Evidence-Based educational in home program to improve self-management adherence and A1C levels for patients with diabetes
Garrett Blaker DNP, APRN, FNP-C, I obtained my BSN in 2016 at Jacksonville University and DNP in 2020 at Jacksonville University. I am a board certified Family Nurse Practitioner, currently employed at Greater Philadelphia Health Action, Philadelphia, Pennsylvania, USA.
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Background: Diabetes diagnosis rates continue to grow, affecting many patients, communities, and health care organizations. One of the greatest challenges faced by patients with diabetes is maintaining diabetes self-management activities including self-blood glucose monitoring, physical activity, a healthy diet, and daily foot checks in order to control their diabetes and reduce their A1c. Diabetic Medical Concepts (DMC) previously provided intermittent and inconsistent in-home diabetes self-management education. An in-home diabetes self-management education program, adherence system and A1c testing component was implemented among DMC’s patients as part of a quality improvement project.
Aim: The aim of the quality improvement project was to provide in-home diabetes selfmanagement education and A1c testing to determine if these education sessions had an impact on patient’s diabetes self-management adherence and A1c levels.
Methods: The education was provided in the patient’s home by DMC home health care nurses once a month for 3 months. The education session included discussion of the American Association of Diabetes Educators (AADE7) handouts and following the in-home education checklist provided to each nurse. Patient adherence to the diabetes self-management education was measured by the Summary of Diabetes Self-Care Activities (SDSCA) questionnaire. A1c
testing was performed in the home by point-of-care testing provided by the nurses.
Results: The results revealed improvement in overall adherence to SDSCA activities (SBGM, physical activity, a healthy diet, and daily foot checks). The difference between the pre- and postcompliance mean scores of 23.24 points (median 23.50) was statistically significant (p <0.0001),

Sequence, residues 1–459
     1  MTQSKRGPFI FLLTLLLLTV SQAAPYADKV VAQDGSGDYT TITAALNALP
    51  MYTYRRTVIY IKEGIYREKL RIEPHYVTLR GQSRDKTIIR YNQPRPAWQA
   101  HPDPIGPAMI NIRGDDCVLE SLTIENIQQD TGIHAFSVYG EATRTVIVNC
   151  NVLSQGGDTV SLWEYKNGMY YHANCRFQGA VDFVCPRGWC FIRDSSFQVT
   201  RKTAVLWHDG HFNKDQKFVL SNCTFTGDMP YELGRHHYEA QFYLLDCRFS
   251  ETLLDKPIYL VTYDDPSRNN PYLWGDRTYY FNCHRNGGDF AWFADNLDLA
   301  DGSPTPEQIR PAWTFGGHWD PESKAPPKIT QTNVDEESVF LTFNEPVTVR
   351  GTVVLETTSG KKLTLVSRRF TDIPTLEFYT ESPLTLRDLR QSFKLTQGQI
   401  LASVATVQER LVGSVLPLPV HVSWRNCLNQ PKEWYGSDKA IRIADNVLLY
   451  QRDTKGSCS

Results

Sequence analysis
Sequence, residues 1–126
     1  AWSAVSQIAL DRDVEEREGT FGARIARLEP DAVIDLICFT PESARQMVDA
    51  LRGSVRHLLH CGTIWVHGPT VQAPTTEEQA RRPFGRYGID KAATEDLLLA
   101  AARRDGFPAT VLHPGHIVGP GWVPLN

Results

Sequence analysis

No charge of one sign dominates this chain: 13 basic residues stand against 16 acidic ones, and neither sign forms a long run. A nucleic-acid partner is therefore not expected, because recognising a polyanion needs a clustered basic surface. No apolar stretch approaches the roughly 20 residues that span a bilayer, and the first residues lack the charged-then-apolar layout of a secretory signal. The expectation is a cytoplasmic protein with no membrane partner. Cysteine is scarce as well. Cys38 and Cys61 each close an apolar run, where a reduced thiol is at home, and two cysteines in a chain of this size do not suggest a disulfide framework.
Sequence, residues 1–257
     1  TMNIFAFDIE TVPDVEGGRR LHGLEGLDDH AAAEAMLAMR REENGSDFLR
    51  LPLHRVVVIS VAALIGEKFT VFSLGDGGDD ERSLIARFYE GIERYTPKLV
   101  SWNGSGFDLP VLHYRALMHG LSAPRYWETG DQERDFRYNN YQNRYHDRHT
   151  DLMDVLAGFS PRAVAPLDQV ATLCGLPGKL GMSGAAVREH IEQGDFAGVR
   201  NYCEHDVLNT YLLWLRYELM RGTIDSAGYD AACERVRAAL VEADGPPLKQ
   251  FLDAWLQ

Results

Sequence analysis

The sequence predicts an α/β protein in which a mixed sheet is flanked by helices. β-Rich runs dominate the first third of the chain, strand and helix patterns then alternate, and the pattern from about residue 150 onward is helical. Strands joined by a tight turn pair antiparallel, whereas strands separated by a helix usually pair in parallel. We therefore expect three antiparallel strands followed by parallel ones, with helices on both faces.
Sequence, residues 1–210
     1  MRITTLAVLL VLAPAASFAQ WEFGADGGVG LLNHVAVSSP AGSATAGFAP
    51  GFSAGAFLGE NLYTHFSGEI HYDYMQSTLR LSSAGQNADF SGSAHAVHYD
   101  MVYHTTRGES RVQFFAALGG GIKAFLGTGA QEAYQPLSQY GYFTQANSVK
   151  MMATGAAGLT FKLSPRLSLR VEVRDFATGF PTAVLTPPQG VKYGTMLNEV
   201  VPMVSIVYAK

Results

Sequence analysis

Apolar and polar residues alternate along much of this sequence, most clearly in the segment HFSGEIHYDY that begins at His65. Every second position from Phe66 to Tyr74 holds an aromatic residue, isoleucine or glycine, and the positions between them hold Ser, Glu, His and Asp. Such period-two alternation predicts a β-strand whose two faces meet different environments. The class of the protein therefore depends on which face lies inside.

significance level of 5%. The pre-intervention SDSCA mean was 34.3 (SD = 7.74) and the postintervention SDSCA mean was 57.54 (SD = 8.39). The mean difference between the A1c preand post-implementation was 0.03 points (median 0) and this was not statistically significant (p = 0.11), significance level of 5%. This result indicated that in-home diabetes self-management education had no significant improvement on the participant’s A1c levels. The pre-intervention A1c mean was 8.14 (SD = 0.92) and the post-intervention A1c mean was 8.11 (SD = 8.11).
Conclusion: Incorporating in-home diabetes self-management education increases patient adherence to diabetes self-management and may potentially reduce A1c levels with further duration.
|Type||DNP Capstone Project|
|Review Type||Faculty Approved: Degree-based Submission|
|Evidence Level||Quality Improvement|
|Research Approach||Quantitative Research|
Glucose Testing Adherence;
Self-Monitoring of Blood Glucose;
Patient Diabetes Education;
Diabetes Physical Activity;
A1C Diabetic Diet;
A1c Diabetic Diet
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